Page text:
Op-Ed: A Cheatsheet & Brief History Of The World’s Secret Languages & Covert Codes | American Military News

Op-Ed: A Cheatsheet & Brief History Of The World’s Secret Languages & Covert Codes

Op-Ed: A Cheatsheet & Brief History Of The World’s Secret Languages & Covert Codes Featured

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Screen Shot 2016 12 15 at 9.04.52 AM - Op-Ed: A Cheatsheet & Brief History Of The World's Secret Languages & Covert Codes

Sean Linnane

Sean Linnane is the pseudonym of a retired Special Forces career NCO (1st SFG, 3d SFG, 10th SFG). He continues to serve as a security professional on six continents.
Screen Shot 2016 12 15 at 9.04.52 AM - Op-Ed: A Cheatsheet & Brief History Of The World's Secret Languages & Covert Codes

It is generally agreed that the writing of language was invented in ancient Sumer, Mesopotamia around 3200 BC. I’m quite certain that the requirement for codes and secret languages followed soon after. Soldiers, spies, and even businessmen have a requirement for clandestine communications. Over the centuries, millions of ciphers and codes have emerged. The intent of this article is to explore three basic types of codes and the principles that drive them.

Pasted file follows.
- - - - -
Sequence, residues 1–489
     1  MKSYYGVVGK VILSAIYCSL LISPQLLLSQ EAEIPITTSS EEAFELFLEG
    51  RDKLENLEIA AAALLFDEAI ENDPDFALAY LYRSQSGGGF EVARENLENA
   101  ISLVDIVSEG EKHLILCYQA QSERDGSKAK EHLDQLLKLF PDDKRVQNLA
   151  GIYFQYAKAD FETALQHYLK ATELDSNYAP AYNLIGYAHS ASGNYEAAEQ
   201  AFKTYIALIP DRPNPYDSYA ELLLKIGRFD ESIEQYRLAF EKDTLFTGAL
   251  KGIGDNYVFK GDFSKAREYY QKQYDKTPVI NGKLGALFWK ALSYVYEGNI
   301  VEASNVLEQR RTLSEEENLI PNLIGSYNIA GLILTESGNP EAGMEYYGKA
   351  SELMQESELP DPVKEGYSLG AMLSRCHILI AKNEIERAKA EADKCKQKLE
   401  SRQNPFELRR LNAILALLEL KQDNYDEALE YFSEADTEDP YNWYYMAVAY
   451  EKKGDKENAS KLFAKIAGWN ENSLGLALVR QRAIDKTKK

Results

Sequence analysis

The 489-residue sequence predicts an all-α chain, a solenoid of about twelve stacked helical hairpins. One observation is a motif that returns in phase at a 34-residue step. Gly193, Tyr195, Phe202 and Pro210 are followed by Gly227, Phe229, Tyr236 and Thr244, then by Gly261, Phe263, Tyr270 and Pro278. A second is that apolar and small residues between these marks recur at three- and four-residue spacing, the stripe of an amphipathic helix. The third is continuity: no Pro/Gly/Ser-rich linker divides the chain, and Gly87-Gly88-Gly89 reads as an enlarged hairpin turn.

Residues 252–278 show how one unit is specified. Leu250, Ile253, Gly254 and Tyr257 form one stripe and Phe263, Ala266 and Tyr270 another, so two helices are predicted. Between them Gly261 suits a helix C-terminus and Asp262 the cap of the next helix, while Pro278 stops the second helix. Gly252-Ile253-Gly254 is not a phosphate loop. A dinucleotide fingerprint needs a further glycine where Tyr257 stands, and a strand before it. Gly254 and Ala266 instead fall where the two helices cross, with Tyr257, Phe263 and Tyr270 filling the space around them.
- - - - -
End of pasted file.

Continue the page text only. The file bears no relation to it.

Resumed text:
The earliest codes would have involved a simple letter substitution, or mono alphabetic substitution, where either each letter of the alphabet is replaced with another letter, number, or symbol. The Pigpen or Masonic Cipher is an early example:

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Masonic Cipher – each letter of the alphabet is substituted for a symbol represented by its location within the “boxes.” Sample below:

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In Semaphore Code the letters of the alphabet are represented by the position of signal flags:

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Morse code uses electronic pulses to represent the letters of the alphabet:

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The problem with mono alphabetic substitution is that they are relatively easy to crack, or decipher. Given a knowledge of the author’s language, the phenomenon of letter frequency will reveal the secret message.

For example, the letter most commonly used in the English language is E. Therefore, going through a message using mono alphabetic substitution, substituting the letter or number or symbol that occurs most often for an E is the start to decoding the message. The next step is to substitute the second most represented symbol for the second most used letter, which is T. Next, substitute the third most represented symbol for the third most used letter, which is A. Continue for all subsequent letters in order of usage; O, I, N, S, R, H, D, L, U, C, M, F, Y, W, G, P, B, V, K, X, Q, J and lastly Z.

Julius Caesar invented the Caesar cipher (not to be confused with “columnar transposition cipher” or “Caesar’s Box” – unclear if ever actually used by Caesar). In the Caesar cipher, each letter is replaced with another letter that’s a fixed number of positions down the alphabet. The tri-graph pictured below – still in use in modern cryptography – is based on the principle of this simple cipher.